All of that—the ebb and flow of sentiment, romantic and otherwise—says something about what it means to be an American in 2015. And it says something about what it’s meant to be an American in previous years, as well. Arthur Miller said that a newspaper is a nation talking to itself; but—SWEET TALK, literally—you could say the same about candy hearts. Taken together, over time, stamped out in a mixture of sugar, corn syrup, and gelatin, the candies record where we’ve been, and hint at where we’re going.

Necco is the oldest candy company in the U.S. In the mid-1800s, Oliver Chase invented a machine that was able to cut candy lozenges and pulverized sugar into varying shapes—popular ones at the time were things like horseshoes and baseballs and shells. Back then, a popular competitor candy resembled today’s fortune cookies: Scallop-shaped, they contained strips of colored paper with messages written on them. In the 1860s, his brother, Daniel, devised a machine that would stamp messages onto those candies using red vegetable dye.

The brothers’ dual inventions meant that the messages could be conveyed without paper; the candies—with long messages scrolled on their exteriors—soon became popular. Particularly at weddings, where they offered such of-the-time advice as “Married in Pink, he’ll take to drink” and “Married in White, you have chosen right.” (They also offered some strange requests—like, for example, "Please send a lock of your hair by return mail.") By the early 1900s, the variety of shapes Necco had initially offered in its candies gave way to one: hearts. And as the candies grew in popularity, their messages grew shorter in length—many of them resembling the ones we know today. The denizens of the early 20th century used these tracts of sugary real estate to convey many of the same messages we do in the 21st: “BE MINE.” “MISS YOU.” “LOVE U.”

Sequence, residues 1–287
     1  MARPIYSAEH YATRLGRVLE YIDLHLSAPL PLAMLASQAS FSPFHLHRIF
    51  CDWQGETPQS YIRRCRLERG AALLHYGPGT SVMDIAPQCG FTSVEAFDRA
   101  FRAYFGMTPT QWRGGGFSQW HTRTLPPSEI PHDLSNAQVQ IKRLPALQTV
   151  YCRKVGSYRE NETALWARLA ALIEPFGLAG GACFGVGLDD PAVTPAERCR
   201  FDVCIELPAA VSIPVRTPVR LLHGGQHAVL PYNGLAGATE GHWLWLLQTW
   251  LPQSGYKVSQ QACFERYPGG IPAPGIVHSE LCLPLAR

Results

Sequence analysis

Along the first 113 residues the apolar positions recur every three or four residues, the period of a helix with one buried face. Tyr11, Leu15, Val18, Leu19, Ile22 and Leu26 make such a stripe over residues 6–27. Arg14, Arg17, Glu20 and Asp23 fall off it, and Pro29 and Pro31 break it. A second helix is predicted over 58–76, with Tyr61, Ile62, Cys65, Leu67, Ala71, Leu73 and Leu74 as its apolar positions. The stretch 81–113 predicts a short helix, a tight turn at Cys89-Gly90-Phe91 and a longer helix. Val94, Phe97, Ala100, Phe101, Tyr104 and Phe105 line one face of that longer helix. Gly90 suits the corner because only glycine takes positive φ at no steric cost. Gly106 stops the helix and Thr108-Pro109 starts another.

In the 1990s, as the economy boomed and the Internet emerged, Necco decided to update some of the hearts’ messages, with a particular focus on how young people communicate. “CALL ME,” “EMAIL ME,” and “FAX ME” rose and then were retired. To add order to the whole thing, Necco began offering themes for each year. 2005 was sports (“#1 FAN,” “ALL-STAR,” “FIT FOR LOVE”), 2006 was home (“SWEET HOME,” “GO HOME,” “HOUSE PARTY”), 2007 was animals, (“URA TIGER,” “COOL CAT,” “PUPPY LOVE”), 2008 was weather (“HEAT WAVE,” “MELT MY HEART,” “CLOUD NINE”), 2009 was food (“SUGAR PIE,” “TABLE 4 2,” “SPICE IT UP”), and so on. A few years ago, because of Twilight, Necco began making vampiric-themed messages: “DAZZLE,” “LIVE 4 EVER,” and the somewhat confusing “BITE ME.”

The emergence of texting, obviously, has been a boon to the heart-message industry. (When Necco began crowdsourcing suggestions for new messages in 2010, it got more than 10,000 submissions and “Text Me” was among the top three most-popular.) But in some sense, the hearts anticipated texting’s particular demands and affordances as a communications platform. Space-constrained, those tiny little expanses of sugar and gum forced us to figure out how to express ourselves with maximum economy. They forecast IM-speak. They hinted at the new language of emojis, with all its clarities and ambiguities of expression. They showed us where we are, before we got here. THX, little guys. And LOL.